Bringing Cliff Home – Day 1
August 15, 2016 § Leave a comment
The day began relatively early. Although there wasn’t much in Little Falls, the Travel Lodge did offer us some breakfast, and we were able to get a solid base in for the long day ahead. The plan was to set off with Cliff’s PAC Tour buddies (The EFM Crew) and ride with them into Saratoga Springs where they would stop for lunch. There we would split off and head Southeast while the PAC Tour continued East. Along the way about every 20 clicks or so, the support vehicles would set up a snack and water stop. A place to regroup, and recharge. There would be two of these, and we had our own Sag wagon being driven by Michael. Michael did a fantastic job provisioning everything. By my estimates, we probably could have made it all the way to Florida just consuming all the consumables that he put together for us. In addition Michael brought fold up chairs, and a shade canopy, so we were going to Sag in style and comfort.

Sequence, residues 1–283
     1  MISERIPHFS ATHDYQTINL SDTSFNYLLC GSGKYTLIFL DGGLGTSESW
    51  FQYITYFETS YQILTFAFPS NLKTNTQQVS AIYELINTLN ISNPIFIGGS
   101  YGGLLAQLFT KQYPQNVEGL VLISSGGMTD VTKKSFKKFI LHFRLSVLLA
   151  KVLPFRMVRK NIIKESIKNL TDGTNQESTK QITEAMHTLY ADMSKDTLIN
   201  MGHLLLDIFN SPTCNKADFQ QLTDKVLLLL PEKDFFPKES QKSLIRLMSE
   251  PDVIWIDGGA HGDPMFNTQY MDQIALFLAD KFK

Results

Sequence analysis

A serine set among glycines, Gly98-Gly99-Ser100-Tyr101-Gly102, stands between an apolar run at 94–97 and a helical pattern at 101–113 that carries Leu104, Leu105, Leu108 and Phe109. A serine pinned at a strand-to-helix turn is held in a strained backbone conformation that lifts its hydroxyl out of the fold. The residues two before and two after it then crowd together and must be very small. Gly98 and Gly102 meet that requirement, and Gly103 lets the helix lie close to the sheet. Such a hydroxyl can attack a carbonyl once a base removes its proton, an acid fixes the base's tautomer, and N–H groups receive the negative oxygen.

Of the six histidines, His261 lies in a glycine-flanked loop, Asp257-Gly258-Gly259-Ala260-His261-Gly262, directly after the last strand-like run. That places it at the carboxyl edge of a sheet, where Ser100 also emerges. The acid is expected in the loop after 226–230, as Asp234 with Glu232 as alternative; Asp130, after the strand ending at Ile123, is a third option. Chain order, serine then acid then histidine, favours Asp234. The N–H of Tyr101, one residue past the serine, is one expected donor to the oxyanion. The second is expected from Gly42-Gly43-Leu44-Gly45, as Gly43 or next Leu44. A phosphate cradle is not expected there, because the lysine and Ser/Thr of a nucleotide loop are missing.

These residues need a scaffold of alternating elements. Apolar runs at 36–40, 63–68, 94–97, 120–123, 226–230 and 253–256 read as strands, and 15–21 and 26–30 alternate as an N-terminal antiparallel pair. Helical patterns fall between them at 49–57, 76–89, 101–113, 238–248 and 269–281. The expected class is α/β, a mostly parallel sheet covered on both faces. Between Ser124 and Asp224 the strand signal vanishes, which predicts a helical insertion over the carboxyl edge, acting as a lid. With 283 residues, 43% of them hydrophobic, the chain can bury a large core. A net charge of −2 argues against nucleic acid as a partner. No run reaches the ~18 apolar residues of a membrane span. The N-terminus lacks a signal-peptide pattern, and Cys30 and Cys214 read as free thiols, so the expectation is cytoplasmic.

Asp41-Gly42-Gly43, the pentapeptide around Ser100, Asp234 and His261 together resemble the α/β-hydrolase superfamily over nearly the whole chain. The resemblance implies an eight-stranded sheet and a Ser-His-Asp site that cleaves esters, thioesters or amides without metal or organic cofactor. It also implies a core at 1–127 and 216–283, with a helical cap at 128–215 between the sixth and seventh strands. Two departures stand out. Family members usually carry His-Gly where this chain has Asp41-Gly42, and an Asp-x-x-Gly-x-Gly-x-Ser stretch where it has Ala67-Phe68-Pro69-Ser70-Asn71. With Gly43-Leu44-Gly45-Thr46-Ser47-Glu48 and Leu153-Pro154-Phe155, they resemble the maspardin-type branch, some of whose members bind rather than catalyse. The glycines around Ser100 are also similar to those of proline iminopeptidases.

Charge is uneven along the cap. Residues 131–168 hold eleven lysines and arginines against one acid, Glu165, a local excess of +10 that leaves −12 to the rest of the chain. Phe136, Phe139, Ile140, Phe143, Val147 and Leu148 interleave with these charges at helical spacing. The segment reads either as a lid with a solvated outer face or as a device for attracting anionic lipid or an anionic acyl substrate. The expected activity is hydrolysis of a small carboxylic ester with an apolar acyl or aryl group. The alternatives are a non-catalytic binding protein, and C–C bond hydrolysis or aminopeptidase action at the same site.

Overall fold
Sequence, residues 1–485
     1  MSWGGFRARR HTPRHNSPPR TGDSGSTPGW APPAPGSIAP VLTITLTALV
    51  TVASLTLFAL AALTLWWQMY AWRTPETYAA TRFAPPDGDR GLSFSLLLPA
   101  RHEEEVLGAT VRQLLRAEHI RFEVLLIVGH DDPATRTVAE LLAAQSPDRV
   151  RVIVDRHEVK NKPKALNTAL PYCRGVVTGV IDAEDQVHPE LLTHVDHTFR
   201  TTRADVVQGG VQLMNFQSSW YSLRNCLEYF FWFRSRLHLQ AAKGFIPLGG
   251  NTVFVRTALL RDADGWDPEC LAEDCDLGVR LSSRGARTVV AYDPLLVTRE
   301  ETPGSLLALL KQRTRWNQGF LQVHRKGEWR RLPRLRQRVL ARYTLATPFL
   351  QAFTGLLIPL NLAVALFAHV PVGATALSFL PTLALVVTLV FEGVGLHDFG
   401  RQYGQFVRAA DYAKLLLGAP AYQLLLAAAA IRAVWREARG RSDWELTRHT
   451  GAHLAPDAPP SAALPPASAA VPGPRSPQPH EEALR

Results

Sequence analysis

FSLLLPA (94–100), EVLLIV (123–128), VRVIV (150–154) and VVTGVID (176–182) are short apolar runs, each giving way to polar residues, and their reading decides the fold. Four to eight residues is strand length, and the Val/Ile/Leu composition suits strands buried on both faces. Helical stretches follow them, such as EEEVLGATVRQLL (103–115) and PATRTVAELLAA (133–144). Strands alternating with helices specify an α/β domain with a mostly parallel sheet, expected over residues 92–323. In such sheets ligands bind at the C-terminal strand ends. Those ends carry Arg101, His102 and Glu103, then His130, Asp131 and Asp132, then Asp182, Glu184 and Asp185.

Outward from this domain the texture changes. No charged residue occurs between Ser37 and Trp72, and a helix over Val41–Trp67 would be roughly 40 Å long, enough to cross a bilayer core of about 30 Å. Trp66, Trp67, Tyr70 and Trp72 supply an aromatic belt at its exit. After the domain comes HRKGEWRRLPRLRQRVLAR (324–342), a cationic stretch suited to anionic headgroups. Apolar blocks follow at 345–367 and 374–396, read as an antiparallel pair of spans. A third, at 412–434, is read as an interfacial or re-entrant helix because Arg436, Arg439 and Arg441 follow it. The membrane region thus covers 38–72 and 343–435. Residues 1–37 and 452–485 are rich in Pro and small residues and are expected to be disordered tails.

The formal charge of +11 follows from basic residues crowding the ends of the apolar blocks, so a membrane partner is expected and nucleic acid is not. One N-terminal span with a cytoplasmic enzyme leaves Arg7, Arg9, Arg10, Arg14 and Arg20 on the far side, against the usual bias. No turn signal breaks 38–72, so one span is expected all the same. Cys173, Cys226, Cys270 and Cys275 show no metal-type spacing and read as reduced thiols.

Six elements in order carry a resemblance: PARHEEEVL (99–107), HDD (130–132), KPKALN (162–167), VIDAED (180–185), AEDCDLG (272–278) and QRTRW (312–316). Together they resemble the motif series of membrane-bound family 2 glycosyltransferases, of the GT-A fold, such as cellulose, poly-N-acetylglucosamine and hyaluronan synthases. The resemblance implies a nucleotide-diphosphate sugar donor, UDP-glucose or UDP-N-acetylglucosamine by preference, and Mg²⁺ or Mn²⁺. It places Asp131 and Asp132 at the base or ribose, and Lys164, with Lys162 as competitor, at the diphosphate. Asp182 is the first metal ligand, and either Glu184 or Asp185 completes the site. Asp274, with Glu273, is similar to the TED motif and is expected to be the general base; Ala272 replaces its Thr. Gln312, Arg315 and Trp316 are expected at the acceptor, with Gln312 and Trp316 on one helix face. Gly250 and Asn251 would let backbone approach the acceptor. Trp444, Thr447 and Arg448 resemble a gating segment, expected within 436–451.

I imagine that every morning on a PAC tour begins the same way, with the tour vehicles open and tour staff out and available to help the tour riders get started. The PAC tour does maintain a certain level of discipline over the riders day to day. They learn fast who the strong riders are and the pecking order down the line to the weakest rider, and they use this to maintain a fairly strict who can start when policy. What they don’t want is for the fast group to get more than twenty miles ahead of the slow group so the fast folks are all held back, and the slower folks have be the first ones off. You can’t have the front group getting beyond the range of the vehicles ability to service everyone during the rest stops along the way. While Cliff’s group wasn’t the slowest group, they called themselves the EFM crew. They were going to ride Every Fuggin Mile, and not be forced into “The Van”.
“The van” is the vehicle that rides at the rear and has the responsibility to pick up riders who, in spite of everything done to keep the group relatively together, still fall too far back and need to be ferried up the road. Cliff arrived ready to ride this tour, having put in the requisite training miles, and logging the long rides. Most everyone else did as well, but there were some people who misread the training miles required, and there were riders who though strong for their respective ages, were in their 70’s, and the PAC tour is a beat down on even the most fit riders. So “The Van” is needed, and Cliff’s crew maintained a pace and consistency that was sufficient to avoid “The Van”